We Americans have frustrating, often short-lived relationships with our diets. Some may blame that on the willpower of the individual or the effectiveness of the diet itself, but I think it’s more in the way we’re framing the issue. If I could take a bit of creative liberty and sum up mainstream health and diet in one sentence, it’d go something like this: You screwed up, fatty, and now you need to do this.
Who wants motivation like that? Less and less people, thankfully. An interesting story from the New York Times last week points out that more people are taking a positive approach to eating. Rather than focus on the “bad” foods that they need to take out of their diet, they’re instead focused on adding in real foods that are healthy — and yes, sometimes indulgent. Instead of avoiding snacking (and feeling ashamed for even thinking about it!) for example, eat some fruit or a handful of pistachios when you get hungry.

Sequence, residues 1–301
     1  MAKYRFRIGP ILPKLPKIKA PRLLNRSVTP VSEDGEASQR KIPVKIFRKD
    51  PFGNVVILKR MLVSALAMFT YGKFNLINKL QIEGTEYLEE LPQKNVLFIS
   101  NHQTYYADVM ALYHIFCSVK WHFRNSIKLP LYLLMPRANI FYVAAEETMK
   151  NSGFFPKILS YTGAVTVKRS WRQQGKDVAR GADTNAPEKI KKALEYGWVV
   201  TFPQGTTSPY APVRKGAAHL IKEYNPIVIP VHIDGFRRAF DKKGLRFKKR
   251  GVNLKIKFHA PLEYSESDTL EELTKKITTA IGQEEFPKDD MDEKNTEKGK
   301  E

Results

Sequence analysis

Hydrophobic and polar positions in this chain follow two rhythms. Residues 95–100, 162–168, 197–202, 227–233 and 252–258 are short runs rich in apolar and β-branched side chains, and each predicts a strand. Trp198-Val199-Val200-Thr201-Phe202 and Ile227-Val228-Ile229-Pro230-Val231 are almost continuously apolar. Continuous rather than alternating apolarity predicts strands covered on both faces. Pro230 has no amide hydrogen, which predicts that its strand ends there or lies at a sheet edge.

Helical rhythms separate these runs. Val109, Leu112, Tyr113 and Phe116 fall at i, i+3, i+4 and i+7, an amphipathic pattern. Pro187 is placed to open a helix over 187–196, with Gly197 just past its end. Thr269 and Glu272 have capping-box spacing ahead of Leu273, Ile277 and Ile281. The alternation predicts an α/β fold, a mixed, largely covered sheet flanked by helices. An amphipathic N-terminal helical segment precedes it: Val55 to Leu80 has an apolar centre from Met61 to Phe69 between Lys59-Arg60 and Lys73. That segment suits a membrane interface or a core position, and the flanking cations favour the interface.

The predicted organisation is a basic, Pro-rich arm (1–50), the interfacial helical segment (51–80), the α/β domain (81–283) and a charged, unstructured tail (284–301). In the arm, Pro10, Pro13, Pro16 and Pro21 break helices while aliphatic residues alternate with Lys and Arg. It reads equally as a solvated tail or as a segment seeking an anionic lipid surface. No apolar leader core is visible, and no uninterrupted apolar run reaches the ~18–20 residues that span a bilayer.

According to the NPD Group, consumer food diaries show that only 26% of women and 16% of men are “on a diet”. That’s the lowest percentage for both groups since NPD started collecting results in 1985. Similarly, the Calorie Control Council reports that the percentage of people on a diet has decreased from 33% in 2004 to 29% in 2007.
Taken one way, these numbers could mean we’re at our unhealthiest. But I think we all know that’s not true. The growth of organic, local, seasonal foods and many other trends have all signaled shifts toward positive eating. People are realizing that reaching healthy goals doesn’t mean they have to be prodded, guilt-tripped and denied. Rather, they can appreciate what they eat and feel encouraged. With that, then, comes understanding and maybe, dare I say it — enlightenment?